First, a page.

costly to imitate than tangible resources
(Harley-Davidson’s styles may be easily
imitated, but its reputation cannot)

Copyright © 2006 Pearson Prentice Hall. All rights reserved. Strategic Management & Competitive Advantage - Barney & 3-13
Evaluating a Firm’s Internal Capabilities

Applying the VRIO Framework

The Question of Imitability

• if there are high costs of imitation, then the firm


may enjoy a period of sustained competitive
advantage
» a sustained competitive advantage will last
only until a duplicate or substitute emerges

 if a firm has a competitive advantage, others


will attempt to imitate it (Razor scooters
were a big hit and others quickly imitated them)

Copyright © 2006 Pearson Prentice Hall. All rights reserved. Strategic Management & Competitive Advantage - Barney & 3-14
Evaluating a Firm’s Internal Capabilities

Applying the VRIO Framework

The Question of Imitability


Costs of Imitation

Unique Historical Conditions (Caterpillar)

• first mover advantages


• path dependence

Copyright © 2006 Pearson Prentice Hall. All rights reserved. Strategic Management & Competitive Advantage - Barney & 3-15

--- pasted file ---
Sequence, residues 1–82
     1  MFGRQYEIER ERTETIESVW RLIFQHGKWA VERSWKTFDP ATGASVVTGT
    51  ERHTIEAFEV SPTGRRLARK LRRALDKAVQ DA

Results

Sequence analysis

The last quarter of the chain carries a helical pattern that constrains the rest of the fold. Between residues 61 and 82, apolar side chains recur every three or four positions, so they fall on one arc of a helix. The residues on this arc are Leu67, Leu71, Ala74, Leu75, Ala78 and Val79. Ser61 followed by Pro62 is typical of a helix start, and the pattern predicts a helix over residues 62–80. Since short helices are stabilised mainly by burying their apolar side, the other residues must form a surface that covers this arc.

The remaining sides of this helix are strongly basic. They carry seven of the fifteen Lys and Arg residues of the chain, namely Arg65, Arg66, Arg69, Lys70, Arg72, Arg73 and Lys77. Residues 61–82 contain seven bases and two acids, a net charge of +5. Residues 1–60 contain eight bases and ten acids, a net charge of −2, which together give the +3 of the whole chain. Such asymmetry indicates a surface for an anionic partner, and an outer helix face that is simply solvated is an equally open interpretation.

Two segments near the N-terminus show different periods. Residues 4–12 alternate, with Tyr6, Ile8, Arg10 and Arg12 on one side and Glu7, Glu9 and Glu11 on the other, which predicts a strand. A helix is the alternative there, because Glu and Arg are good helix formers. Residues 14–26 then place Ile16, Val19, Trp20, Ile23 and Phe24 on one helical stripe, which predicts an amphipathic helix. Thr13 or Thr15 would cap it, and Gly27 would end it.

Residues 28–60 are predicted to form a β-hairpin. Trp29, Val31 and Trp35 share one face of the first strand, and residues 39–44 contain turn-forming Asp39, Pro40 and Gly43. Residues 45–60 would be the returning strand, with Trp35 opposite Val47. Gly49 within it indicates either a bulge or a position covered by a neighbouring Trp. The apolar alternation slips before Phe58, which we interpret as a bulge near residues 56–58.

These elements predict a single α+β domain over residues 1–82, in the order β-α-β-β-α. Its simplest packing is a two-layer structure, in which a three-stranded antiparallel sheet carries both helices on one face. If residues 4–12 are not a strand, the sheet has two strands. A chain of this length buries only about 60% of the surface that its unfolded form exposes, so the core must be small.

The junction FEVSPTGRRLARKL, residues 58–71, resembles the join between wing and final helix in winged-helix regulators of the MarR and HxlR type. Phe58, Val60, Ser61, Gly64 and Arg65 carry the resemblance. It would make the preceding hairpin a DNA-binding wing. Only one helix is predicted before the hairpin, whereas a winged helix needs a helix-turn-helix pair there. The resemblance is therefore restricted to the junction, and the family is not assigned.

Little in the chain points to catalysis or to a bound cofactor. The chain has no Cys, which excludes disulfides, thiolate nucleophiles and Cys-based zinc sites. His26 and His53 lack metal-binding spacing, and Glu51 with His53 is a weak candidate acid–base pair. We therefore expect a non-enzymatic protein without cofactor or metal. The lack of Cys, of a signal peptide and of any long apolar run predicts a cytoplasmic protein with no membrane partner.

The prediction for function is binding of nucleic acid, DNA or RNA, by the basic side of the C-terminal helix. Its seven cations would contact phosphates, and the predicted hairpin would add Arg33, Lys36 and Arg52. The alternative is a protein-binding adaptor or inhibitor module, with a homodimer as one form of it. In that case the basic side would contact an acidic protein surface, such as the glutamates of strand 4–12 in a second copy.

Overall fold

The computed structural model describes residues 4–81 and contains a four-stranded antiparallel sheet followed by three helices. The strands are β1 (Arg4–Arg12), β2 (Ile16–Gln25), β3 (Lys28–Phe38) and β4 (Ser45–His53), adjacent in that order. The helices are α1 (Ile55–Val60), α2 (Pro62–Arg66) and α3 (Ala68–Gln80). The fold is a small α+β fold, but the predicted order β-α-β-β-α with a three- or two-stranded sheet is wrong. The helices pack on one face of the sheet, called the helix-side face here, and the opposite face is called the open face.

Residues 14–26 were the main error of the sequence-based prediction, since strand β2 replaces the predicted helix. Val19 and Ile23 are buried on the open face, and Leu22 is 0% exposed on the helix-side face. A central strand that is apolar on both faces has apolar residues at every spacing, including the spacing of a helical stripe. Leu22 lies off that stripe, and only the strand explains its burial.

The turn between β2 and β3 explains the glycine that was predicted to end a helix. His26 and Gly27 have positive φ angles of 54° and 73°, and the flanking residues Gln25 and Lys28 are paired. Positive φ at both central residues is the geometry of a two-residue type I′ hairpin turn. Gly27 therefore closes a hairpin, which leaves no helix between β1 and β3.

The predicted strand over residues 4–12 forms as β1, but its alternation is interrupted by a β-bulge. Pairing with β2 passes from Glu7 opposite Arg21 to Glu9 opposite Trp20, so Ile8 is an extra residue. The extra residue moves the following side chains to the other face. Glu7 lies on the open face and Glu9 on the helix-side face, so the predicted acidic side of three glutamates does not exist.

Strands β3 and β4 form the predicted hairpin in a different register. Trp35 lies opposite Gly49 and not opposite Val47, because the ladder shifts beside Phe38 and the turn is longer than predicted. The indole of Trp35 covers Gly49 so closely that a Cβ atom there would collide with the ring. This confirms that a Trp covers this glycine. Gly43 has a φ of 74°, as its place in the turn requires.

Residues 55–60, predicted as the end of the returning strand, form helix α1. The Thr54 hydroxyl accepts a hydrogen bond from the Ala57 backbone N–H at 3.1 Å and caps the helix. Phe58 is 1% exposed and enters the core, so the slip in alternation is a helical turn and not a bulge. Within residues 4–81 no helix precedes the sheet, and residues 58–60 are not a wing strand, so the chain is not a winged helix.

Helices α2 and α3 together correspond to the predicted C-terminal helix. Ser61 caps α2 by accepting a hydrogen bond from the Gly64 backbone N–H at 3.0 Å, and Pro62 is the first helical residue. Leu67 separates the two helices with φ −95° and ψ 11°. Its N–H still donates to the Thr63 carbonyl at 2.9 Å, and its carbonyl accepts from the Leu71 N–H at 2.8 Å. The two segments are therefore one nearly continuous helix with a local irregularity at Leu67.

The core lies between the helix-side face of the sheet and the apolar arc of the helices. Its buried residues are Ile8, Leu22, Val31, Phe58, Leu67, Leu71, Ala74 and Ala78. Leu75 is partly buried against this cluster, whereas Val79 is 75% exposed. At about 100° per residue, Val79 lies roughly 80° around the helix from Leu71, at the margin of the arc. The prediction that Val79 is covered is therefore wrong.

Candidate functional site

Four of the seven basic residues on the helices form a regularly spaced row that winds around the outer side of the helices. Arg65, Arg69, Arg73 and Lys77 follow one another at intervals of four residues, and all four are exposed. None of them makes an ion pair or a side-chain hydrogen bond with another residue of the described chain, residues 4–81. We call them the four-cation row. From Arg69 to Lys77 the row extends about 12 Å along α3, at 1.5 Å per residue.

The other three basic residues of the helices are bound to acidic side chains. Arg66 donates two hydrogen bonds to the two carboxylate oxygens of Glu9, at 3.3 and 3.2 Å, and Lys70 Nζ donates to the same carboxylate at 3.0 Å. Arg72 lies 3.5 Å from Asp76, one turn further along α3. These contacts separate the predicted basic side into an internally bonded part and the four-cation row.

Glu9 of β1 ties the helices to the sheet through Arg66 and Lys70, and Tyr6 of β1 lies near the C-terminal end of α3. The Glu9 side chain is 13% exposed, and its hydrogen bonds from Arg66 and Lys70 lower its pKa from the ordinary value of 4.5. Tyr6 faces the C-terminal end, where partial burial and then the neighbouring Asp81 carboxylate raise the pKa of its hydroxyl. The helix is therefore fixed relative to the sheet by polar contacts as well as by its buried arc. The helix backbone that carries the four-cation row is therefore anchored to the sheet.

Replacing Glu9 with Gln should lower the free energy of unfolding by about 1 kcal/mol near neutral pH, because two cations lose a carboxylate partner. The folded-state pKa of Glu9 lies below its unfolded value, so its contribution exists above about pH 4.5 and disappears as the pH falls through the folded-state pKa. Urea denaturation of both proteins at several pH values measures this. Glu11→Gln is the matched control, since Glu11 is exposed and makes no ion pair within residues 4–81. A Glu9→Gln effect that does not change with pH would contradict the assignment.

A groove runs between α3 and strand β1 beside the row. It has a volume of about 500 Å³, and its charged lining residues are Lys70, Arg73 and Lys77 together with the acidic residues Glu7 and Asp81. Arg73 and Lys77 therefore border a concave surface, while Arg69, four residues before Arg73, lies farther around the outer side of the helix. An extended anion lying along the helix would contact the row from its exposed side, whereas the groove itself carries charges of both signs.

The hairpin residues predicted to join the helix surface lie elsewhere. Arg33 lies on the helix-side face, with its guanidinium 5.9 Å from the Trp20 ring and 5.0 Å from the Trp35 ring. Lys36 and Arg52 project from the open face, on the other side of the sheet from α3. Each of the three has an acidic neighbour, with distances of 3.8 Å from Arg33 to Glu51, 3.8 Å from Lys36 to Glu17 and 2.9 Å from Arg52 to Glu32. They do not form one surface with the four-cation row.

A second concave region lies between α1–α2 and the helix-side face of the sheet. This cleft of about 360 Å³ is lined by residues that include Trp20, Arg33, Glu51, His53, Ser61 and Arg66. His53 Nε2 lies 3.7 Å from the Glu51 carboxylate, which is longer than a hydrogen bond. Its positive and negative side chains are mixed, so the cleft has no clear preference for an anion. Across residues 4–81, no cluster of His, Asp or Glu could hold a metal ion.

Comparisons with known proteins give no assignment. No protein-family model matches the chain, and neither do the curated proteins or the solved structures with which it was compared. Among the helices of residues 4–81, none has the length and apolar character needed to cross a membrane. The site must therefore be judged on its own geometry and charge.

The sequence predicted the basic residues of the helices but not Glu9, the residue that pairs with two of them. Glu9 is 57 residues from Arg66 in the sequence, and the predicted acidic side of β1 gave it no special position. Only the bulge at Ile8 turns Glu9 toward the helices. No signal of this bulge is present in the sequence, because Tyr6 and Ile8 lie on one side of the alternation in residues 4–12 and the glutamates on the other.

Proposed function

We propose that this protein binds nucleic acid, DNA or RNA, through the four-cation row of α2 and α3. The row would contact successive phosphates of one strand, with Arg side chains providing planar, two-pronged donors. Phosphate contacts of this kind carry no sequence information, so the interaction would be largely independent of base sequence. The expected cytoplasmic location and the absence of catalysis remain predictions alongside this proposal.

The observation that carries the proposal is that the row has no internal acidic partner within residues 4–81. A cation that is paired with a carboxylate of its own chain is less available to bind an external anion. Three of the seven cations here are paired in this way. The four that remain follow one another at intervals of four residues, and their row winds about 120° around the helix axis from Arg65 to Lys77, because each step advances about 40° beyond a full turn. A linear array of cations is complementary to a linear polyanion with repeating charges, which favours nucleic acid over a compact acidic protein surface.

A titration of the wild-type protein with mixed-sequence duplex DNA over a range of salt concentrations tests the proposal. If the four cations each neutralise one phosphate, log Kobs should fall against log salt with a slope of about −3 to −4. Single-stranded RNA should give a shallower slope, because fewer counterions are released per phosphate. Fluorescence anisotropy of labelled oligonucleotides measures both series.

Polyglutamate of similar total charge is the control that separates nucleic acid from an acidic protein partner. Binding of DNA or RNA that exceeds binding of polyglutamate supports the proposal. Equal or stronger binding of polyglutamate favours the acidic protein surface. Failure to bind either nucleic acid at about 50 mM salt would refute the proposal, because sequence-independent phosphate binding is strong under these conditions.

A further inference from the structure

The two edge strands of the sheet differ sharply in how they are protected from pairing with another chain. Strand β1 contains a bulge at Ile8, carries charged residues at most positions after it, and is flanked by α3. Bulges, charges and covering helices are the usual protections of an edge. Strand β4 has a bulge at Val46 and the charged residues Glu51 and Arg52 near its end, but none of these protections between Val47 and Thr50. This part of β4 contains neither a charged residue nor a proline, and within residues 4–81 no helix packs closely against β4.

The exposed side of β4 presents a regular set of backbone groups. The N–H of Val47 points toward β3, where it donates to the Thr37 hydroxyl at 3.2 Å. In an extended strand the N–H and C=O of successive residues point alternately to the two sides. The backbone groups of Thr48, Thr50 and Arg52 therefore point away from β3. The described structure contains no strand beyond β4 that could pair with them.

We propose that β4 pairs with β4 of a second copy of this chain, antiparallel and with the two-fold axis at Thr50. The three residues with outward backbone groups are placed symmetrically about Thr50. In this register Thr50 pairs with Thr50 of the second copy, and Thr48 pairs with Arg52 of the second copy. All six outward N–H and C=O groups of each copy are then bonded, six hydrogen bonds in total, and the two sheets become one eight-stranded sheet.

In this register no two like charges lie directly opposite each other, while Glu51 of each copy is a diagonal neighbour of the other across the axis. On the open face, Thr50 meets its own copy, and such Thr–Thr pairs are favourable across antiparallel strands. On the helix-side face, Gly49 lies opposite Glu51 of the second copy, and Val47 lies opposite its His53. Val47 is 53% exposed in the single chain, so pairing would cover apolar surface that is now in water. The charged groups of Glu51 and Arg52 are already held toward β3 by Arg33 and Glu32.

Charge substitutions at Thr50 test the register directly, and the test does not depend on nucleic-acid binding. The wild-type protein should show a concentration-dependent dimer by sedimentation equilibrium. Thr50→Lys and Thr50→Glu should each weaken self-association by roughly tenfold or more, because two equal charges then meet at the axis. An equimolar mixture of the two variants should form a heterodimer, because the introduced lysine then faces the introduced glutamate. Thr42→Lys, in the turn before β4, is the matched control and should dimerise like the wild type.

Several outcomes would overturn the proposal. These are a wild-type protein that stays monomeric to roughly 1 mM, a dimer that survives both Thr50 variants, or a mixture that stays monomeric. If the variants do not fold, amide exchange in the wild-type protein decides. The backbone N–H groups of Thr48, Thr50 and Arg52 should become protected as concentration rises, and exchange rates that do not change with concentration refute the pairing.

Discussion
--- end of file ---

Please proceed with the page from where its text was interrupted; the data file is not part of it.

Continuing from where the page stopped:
Evaluating a Firm’s Internal Capabilities

Applying the VRIO Framework

The Question of Imitability


Costs of Imitation

Causal Ambiguity (Southwest Airlines – HR)


• causal links between resources and
competitive advantage may not be
understood
• bundles of resources fog these causal
links

Copyright © 2006 Pearson Prentice Hall. All rights reserved. Strategic Management & Competitive Advantage - Barney & 3-16
Evaluating a Firm’s Internal Capabilities

Applying the VRIO Framework

The Question of Imitability


Costs of Imitation

Social Complexity (WordPerfect)

• the social relationships entailed in


resources may be so complex that
managers cannot really manage them
or replicate them

Copyright © 2006 Pearson Prentice Hall. All rights reserved. Strategic Management & Competitive Advantage - Barney & 3-17
Evaluating a Firm’s Internal Capabilities

Applying the VRIO Framework

The Question of Imitability


Costs of Imitation

Patents
• patents may be a two-edged sword
• offer a period of protection if the firm is
able to defend its patent rights
• required disclosure may actually decrease
the cost of imitation, and the timing
Copyright © 2006 Pearson Prentice Hall. All rights reserved. Strategic Management & Competitive Advantage - Barney & 3-18